The plaintiff must also show that the defendant was a seller. Once again the term is not defined in TSA, but the same liberalism that identified a purchaser has not been universally used to identify a seller. Indeed there are conflicting decisions in the Courts of Appeals and the Supreme Court. Under vintage case law, a “seller” could be anyone who participated as “a link in the selling process.” See Brown v. Cole, 291 S.W. 2d 704, 708 (Tex. 1956). A recent decision calls into question the continued vitality of that expansive concept of seller. See Frank v. Bear, Stearns & Co., Inc., 11 S.W. 3d 380, 383 (Tex.App.CHouston[14th District] 2000, review denied). The Frank court relied on certain interpretative “Comments” to the 1977 amendments of TSA, prepared by a State Bar subcommittee that was a co-sponsor of the legislation, to reach its conclusion that only the person making the sale to the purchaser could be held liable as a seller. A more recent decision, however, restates the holding in Brown v. Cole. See Tex. Capital Securities, Inc. v. Sandefer, 58 S.W. 3d 760, 765-766 (Tex.App.-Houston[14th] 2001, pet. denied)(Sandefer 1). The Sandefer 1 court does not cite Brown v. Cole to support its conclusion. Nor does the court cite Frank. The court relies on one of its own decisions from 1976, Rio Grande Oil Co. v. State, 539 S.W. 2d 917, 922 (Tex.App.-Houston[14th District] 1976, writ ref’d, n.r.e.). According to the Frank court the expansive concept of seller was amended out of the statute in 1977 when aider, abettor and control liability were added. The particular “Comment” relied on by the Frank court does, indeed, support a narrow interpretation of the term “seller.” It states that privity is now required between seller and purchaser. But this conclusion is clearly not supported by the statutory language. The Court in Brown v. Cole, supra, 291 S.W. 2d 704, 708, relied on the expansiveness of the definition of “sale” to conclude that the term “seller” must have a very broad meaning as well, and the definition of “sale” was not altered by the 1977 amendments and has not been changed as of today. Frankly, under the usual rules of statutory construction, adding another group of potentially liable persons doesn’t diminish the liability of those already included and doesn’t mean that a “seller” should now be restricted to those in privity with the purchaser. It is true that “Comments” were provided to the legislature with the final draft bill (Draft 12-November 21, 1976, as enacted) submitted by the State Bar subcommittee, and thus might be considered as “legislative history,” but the “Comment” in question was not included with the draft bill and does not qualify as such history. See Bromberg, Civil Liability Under Texas Securities Act ' 33 (1977) and Related Claims, 32 S.W. L.J. 867, 891 (1978). I would give the “Comment” in question the same weight I would give to a legal article published without being peer reviewed -- not much. When adopted by the Texas legislature the “Comments” stated that a “seller” was to be identified by reference to federal law, and the predominate federal view at that time was that a person who “proximately caused” a sale was considered a “seller.” Bromberg, supra, at 884-85. So, the Sandefer 1 court got it right, just not for the reasons expressed.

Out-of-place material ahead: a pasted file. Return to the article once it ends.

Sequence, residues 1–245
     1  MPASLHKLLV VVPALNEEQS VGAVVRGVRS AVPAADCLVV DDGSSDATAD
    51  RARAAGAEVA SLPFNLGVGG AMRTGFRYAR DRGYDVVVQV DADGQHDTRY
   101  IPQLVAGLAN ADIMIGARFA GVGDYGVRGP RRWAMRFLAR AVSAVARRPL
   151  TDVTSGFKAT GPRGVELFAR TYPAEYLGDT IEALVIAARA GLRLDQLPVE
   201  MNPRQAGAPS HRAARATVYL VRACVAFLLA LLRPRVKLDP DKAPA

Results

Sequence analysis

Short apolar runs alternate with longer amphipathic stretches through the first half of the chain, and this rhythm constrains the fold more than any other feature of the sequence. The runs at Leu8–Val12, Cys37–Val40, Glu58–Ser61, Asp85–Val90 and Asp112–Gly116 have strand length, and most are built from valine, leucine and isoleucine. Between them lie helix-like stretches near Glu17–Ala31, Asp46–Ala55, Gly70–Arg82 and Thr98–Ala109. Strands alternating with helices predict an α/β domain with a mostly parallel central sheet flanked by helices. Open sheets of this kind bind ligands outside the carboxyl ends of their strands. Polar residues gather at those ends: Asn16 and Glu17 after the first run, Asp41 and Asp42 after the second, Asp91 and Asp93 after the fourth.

UnderTSA, third party professionals who aid and abet a violation can be held liable to the same extent as the seller, and those who control a violator are subject to liability as well. Just as in the case of a direct violation by a seller, a control person can escape liability by showing that he did not know of the activity that gave rise to the violation and could not have known of it by exercising ordinary care. TSA ' 33F(1). The courts have not accorded the same subjective/objective (knew or should have known) defense to an aider and abettor. The reason for this seemingly inconsistent result is the language in TSA that defines “aiding” liability. That language requires that the aider and abettor act with “intent to deceive or defraud or with reckless disregard for the truth or the law (that) materially aids a seller, buyer, or issuer of a security is liable *** jointly and severally with the seller, buyer, or issuer.” TSA ' 33F(2). The Texas Supreme Court recently held that “aiding liability” requires subjective (actual) awareness of unlawful conduct on the part of the primary violator, although the aider need not know the details of that conduct. See Sterling Trust Co. v. Adderley, 168 S.W. 3d 835 (Tex. 2005). The Court found the aider’s subjective knowledge of the “Ponzi” scheme being utilized by the primary violator would be sufficient to support a finding of aider liability, if the jury were properly instructed on the aider issue. Whether that “unlawful conduct” must itself constitute a securities law violation is apparently an issue for another day.[xliii]